Out of all of these fairly unique ideas, I absolutely love the fact that you can’t have quest (events) objectives stolen from you. There’s nothing worse than dreading another player moving in on your quest drops, forcing you to take twice as much time as you actually needed to finish a simple quest. With the new grouping system, Guild Wars 2 will feel more like a true MMO when it comes to PVE questing.

One of Guild War 2′s consistently mentioned selling points is that it strives to turn the concept of a typical MMO on it’s head. The main change in Guild Wars 2 is the move towards a more balanced class system, rather than the “trinity” of tanking, healing, and DPS.

We already knew that this was in the cards for GW2, but only recently was it revealed that this was partially inspired by Team Fortress 2‘s class based system. Designers Ben Miller and Jon Peters stated that they wanted parties to have a more organic feel to them, like everyone could contribute in a meaningful way, without having to fulfill prescribed roles.

In regards to that elephant in the room, Peters had this to say: “I just detest dependency and the lack of teamwork it creates. It seems awfully silly to get people to play together and then not have them interact other than to say ‘are you doing your job?”


Guild Wars 2 is going to feature a hybrid system that isn’t seen in MMOs often. Once you buy the game for $60, you won’t pay any subscription fees, and you’ll have access to a “F2P store” of sorts, that allows you to conduct micro-transactions for aesthetic gear.

The major upfront perk is that once you buy the game, you can come back at anytime, even years later to continue your adventure. This is one of the biggest disadvantages of current MMOs (The Old Republic immediately comes to mind) — you have to pay the entire monthly fee to even get a taste once your subscription runs out. If you just want to go back into your world and see your character again, you can do that.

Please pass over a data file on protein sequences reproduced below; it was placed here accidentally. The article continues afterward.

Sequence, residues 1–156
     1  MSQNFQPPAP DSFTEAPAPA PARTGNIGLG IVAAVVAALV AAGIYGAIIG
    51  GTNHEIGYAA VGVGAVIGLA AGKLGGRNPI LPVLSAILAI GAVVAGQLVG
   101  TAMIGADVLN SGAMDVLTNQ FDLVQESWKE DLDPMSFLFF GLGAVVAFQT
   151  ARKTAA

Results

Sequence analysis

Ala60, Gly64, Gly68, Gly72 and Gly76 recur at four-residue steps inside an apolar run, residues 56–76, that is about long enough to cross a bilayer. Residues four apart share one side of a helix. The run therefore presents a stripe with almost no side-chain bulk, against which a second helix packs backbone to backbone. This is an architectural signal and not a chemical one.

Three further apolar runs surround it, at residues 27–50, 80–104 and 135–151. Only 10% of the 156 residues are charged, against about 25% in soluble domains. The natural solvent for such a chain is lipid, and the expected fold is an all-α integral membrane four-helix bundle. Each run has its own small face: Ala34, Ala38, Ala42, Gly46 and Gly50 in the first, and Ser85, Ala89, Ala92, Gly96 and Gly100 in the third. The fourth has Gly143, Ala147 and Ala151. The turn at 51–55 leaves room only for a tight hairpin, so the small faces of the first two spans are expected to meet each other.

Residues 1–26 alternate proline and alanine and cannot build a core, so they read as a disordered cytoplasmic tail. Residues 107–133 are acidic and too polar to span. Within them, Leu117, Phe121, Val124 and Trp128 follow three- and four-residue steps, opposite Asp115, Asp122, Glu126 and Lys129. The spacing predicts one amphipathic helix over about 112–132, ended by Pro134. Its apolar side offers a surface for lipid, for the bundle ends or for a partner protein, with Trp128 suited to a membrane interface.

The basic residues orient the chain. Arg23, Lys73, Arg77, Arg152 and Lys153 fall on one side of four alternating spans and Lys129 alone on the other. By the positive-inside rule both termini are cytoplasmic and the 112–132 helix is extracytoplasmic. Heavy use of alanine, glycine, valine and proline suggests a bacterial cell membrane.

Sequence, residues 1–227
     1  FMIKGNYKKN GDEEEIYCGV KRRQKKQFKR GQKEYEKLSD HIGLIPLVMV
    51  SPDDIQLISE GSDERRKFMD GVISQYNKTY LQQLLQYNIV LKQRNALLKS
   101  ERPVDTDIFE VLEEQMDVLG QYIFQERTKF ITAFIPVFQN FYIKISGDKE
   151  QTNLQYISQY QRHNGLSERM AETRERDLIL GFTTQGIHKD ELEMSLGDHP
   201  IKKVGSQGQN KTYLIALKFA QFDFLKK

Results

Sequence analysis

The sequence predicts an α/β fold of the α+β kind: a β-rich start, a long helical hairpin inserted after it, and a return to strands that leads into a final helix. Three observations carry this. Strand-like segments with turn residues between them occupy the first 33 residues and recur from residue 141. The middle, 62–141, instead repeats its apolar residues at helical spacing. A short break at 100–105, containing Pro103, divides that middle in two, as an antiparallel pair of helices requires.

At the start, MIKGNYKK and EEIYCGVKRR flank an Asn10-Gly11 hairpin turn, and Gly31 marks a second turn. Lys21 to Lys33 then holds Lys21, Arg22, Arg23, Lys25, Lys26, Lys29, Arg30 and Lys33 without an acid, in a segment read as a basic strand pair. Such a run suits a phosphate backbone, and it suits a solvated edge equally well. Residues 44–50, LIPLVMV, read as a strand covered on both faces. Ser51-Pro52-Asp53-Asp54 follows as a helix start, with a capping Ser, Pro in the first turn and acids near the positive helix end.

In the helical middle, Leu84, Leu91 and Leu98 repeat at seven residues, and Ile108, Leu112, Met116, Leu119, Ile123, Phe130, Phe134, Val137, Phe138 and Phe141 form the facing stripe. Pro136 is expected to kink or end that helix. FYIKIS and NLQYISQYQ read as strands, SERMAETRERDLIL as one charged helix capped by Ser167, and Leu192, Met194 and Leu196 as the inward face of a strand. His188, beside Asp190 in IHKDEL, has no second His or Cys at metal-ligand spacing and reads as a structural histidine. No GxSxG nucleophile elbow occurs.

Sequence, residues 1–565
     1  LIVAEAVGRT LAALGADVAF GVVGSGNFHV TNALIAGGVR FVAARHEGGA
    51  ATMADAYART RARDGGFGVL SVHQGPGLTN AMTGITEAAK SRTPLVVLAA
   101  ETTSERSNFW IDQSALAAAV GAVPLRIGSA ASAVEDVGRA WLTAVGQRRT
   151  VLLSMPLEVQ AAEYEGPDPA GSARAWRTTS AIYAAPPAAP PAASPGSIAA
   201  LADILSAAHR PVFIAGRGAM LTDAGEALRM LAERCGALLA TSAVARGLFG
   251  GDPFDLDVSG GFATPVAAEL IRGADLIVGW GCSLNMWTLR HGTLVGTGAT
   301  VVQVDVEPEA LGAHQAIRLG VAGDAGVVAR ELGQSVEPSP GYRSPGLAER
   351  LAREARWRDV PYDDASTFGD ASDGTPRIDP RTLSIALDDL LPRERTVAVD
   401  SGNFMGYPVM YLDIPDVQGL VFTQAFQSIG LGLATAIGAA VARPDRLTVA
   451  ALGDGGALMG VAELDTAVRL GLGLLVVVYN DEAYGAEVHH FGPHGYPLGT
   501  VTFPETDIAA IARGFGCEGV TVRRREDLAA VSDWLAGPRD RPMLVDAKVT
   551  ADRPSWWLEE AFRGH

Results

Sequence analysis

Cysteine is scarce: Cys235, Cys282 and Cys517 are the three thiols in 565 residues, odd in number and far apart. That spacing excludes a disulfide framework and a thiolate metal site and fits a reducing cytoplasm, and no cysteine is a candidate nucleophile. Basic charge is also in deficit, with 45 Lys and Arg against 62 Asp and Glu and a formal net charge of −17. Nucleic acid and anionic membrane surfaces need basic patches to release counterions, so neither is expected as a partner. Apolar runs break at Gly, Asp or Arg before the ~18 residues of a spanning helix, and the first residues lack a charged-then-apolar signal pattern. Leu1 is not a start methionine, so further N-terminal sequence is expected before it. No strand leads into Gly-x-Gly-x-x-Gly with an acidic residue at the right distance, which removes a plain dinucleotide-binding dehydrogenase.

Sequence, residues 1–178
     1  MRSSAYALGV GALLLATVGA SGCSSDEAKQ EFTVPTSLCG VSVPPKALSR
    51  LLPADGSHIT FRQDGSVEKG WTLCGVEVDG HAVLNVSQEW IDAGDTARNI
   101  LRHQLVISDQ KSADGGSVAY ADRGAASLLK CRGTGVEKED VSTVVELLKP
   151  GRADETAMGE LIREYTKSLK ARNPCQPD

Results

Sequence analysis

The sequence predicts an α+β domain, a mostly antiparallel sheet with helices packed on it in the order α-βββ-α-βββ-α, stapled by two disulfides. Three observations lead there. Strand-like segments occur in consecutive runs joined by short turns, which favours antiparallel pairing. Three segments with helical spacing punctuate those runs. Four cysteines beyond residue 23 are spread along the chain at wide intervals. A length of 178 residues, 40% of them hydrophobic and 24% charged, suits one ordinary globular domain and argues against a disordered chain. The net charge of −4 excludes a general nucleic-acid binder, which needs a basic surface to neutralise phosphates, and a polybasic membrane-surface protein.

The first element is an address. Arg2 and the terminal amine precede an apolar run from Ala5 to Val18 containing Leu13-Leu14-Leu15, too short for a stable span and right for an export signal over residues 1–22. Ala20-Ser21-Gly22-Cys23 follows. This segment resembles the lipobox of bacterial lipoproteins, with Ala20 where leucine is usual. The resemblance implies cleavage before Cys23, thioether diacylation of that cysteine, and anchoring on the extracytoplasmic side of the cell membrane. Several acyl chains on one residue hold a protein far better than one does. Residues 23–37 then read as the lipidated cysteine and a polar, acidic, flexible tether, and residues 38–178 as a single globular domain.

The President of ArenaNet stating the following regarding the micro-transaction issue: “We think players should have the opportunity to spend money on items that … offer more ways to express themselves … on account services and on time-saving convenience items … But it’s never OK for players who spend money to have an unfair advantage over players who spend time.”

Well, that settles that. Hopefully ArenaNet will succeed in this ambitious endeavor, and influence the increasingly conventional MMO genre going forward.

[Source: VentureBeat]

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Guild Wars 2 is still coming
By: | January 23rd, 2012

Fret not, MMO fans – Guild Wars 2 is still on the way. Details so far about the game have been hazy-at-best, but nonetheless the MMO will have a beta this Spring, with the game to follow in 2012. The beta will be press only at first, but then will switch to a selective public offering (just like TOR).

Considering that by the developer’s own admission Guild Wars 1 was not an MMO (but a heavily instanced CORPG), I’m pretty excited for their second effort, which seems to be more of a complete, non-instanced experience; once again without monthly fees. Will Guild Wars 2 and Mists of Pandaria take a significant chunk out of TOR’s userbase? Tune in sometime this Fall/Winter to find out! Read more… »